*Update: This roundup included a story that erroneously reported crude oil was transported on the train that derailed in Maryville, Tenn. There was no crude oil on the train, according to CSX. The story has since been removed.

Derailment after derailment. They just keep happening.

Since early February, there have been at least six train derailments in North America carrying crude from North Dakota’s Bakken Shale. These accidents have sparked increased calls from citizens, the rail industry and lawmakers for the federal government to increase safety regulations.

To keep up with these incidents and new safety regulations, PublicSource provides a roundup of stories every Friday.*

Train carrying hazardous materials derails in Tennessee

A train derailed early Thursday morning in Maryville, Tenn., carrying acrylonitrile, a hazardous material used to manufacture plastics, and thousands of people were evacuated from nearby homes, according to Reuters.


Report: Low income and minority communities are at a heightened risk for crude oil train derailments in California

Two public interest groups released a study and maps showing California communities of color are at an elevated threat from these trains, according to Al Jazeera America.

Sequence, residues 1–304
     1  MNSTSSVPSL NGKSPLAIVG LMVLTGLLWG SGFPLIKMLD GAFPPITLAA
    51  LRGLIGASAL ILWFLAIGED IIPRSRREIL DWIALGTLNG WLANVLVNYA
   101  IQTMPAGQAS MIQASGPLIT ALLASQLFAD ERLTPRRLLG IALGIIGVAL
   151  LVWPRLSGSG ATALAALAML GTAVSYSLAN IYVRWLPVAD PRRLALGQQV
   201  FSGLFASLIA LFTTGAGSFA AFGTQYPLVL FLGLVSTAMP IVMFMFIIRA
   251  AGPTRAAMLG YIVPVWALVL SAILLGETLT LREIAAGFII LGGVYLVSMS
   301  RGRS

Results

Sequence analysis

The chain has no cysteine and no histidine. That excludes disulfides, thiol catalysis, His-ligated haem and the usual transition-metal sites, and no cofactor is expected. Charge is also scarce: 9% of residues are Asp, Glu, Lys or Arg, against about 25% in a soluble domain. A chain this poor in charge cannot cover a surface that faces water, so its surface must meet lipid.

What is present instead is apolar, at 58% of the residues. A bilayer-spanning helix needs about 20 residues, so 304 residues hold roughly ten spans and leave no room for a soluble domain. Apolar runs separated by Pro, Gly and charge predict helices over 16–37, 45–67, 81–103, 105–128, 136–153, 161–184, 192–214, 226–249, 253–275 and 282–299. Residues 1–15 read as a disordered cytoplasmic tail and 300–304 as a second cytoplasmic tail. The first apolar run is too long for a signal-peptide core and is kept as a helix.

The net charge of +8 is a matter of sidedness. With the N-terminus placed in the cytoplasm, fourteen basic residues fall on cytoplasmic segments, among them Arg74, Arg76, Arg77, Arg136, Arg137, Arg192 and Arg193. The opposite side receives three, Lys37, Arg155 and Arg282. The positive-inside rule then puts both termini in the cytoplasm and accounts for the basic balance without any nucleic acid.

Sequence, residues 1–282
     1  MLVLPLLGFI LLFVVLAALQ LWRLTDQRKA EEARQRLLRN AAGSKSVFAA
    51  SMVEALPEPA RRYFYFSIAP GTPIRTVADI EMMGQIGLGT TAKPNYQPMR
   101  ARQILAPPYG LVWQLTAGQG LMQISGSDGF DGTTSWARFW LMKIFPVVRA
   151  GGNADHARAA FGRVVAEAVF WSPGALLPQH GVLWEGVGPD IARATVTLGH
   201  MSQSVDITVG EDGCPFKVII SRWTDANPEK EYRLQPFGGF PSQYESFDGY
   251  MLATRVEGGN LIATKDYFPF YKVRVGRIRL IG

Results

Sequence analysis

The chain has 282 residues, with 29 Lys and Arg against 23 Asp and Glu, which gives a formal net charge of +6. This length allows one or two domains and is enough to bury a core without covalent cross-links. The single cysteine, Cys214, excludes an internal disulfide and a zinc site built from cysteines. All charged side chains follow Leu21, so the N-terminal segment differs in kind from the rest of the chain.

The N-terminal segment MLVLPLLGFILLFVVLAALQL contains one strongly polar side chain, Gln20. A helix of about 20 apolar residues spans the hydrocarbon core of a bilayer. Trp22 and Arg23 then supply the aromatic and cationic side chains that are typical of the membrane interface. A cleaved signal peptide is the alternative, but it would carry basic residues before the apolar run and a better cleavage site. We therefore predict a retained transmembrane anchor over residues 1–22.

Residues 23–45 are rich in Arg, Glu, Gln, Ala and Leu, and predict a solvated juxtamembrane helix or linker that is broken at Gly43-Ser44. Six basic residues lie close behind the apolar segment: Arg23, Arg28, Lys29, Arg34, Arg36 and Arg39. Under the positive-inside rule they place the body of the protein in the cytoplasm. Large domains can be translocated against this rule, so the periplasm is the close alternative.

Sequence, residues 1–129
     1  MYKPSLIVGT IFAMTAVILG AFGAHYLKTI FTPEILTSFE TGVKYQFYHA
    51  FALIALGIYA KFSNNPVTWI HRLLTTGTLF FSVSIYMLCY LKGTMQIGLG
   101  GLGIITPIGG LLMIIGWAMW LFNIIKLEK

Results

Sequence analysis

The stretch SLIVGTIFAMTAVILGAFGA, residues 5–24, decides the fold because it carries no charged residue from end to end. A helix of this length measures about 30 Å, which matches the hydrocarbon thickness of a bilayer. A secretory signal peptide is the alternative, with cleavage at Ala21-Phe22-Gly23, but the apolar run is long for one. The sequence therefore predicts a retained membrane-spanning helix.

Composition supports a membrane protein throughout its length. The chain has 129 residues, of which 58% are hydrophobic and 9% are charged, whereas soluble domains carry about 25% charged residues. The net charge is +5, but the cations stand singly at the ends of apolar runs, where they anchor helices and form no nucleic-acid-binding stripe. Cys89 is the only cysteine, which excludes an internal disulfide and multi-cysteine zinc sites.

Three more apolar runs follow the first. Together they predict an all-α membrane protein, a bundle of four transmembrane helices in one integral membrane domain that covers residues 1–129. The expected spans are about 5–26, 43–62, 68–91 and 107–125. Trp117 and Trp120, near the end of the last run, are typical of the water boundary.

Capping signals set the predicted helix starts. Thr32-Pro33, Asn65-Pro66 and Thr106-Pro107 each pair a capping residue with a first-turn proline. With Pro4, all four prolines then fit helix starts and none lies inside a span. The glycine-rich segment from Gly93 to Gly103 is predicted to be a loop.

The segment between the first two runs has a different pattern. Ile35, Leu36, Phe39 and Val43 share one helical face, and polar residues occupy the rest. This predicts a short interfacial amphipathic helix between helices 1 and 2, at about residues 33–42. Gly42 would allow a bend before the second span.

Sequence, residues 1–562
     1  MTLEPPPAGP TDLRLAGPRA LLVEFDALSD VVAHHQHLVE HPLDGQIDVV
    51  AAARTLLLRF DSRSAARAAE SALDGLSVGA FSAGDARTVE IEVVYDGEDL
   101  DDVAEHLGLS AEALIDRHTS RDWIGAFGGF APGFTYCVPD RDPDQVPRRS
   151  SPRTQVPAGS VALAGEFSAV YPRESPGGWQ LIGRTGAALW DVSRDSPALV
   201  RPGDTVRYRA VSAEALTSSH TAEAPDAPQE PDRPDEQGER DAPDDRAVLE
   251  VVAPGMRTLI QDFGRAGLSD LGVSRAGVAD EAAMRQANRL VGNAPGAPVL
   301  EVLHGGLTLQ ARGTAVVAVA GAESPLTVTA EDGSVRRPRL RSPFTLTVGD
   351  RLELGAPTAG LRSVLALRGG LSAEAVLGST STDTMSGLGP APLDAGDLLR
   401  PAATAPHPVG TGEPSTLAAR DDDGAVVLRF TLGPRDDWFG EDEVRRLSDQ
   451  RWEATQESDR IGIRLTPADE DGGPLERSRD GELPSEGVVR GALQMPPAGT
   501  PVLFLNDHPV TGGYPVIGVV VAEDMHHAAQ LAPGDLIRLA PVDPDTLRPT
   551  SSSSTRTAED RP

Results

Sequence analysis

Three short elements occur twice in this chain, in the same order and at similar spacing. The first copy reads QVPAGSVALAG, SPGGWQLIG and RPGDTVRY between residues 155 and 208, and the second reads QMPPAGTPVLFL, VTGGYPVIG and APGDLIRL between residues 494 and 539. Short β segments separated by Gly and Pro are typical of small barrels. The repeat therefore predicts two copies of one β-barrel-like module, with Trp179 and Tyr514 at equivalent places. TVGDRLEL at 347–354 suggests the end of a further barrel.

More groups file lawsuits against new U.S. DOT crude oil train rules

Jumping on the bandwagon are two Chicago suburbs challenging the federal government’s new rules for increasing crude-by-rail safety. The suburbs join environmental groups, the oil industry and the railroad industry who have all filed lawsuits against the rules for different reasons, according to The Chicago Tribune.

*PublicSource published the derailment roundup a day earlier this week to observe the Fourth of July holiday.

Reach Natasha Khan at 412-315-0261 or nkhan@publicsource.org. Follow her on Twitter @khantasha.

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Natasha is PublicSource's creative director. She runs the organizations visuals team, edits and produces interactive graphics, data visualizations and web packages for PublicSource. She manages the website...